Meeting an unmet need for family planning

BMJ 2012; 344 doi: http://dx.doi.org/10.1136/bmj.e4160 (Published 19 June 2012)
Cite this as: BMJ 2012;344:e4160

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  1. Gavin Yamey, lead, evidence to policy initiative1,
  2. Craig R Cohen, professor 2,
  3. Elizabeth A Bukusi, chief research officer and deputy director research and training3
  1. 1Global Health Group, University of California, San Francisco, CA 94105, USA
  2. 2Department of Obstetrics, Gynecology and Reproductive Sciences, University of California
  3. 3Kenya Medical Research Institute, Nairobi, Kenya
  1. yameyg{at}globalhealth.ucsf.edu

Forthcoming summit will tackle questions of funding, service delivery, and monitoring

More than 120 million women worldwide aged 15-49 years have an unmet need for family planning,1 which is due a renaissance after years of neglect.2 On 11 July 2012, the Bill & Melinda Gates Foundation and the UK government will co-host an international summit in London to shine a spotlight on the world’s massive unmet need for family planning. The summit hopes to catalyse a global movement to provide 120 million women in low income countries access to family planning by 2020. Achieving this target, which would bring vast public health benefits, will require new funding—no small order in a time of global fiscal constraint—combined with transformational cost effective approaches to increasing coverage.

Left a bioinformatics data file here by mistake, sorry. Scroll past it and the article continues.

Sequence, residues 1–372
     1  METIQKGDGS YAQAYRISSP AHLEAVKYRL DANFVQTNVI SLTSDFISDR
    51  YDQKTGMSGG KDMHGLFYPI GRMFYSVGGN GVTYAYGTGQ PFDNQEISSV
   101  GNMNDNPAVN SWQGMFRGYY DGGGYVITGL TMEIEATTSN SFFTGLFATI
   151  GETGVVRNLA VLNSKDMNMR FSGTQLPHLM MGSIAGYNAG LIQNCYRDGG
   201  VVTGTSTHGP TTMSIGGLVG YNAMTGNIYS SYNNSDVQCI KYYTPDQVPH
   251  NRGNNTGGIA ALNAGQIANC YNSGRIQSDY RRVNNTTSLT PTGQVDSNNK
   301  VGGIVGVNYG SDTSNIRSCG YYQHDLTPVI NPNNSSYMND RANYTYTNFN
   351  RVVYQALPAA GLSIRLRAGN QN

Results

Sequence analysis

Women in sub-Saharan Africa, about 35 million of whom cannot access or use family planning, and those living with HIV, have the greatest unmet need.1 3 In one Ugandan survey, three quarters of people infected with HIV (men and women) reported an unmet need for contraception, compared with a third of uninfected individuals (odds ratio 3.97, 95% confidence interval 1.97 to 8.03).3 Assuming a similar prevalence across the continent, we calculate that about 10 million HIV infected women in sub-Saharan Africa have an …

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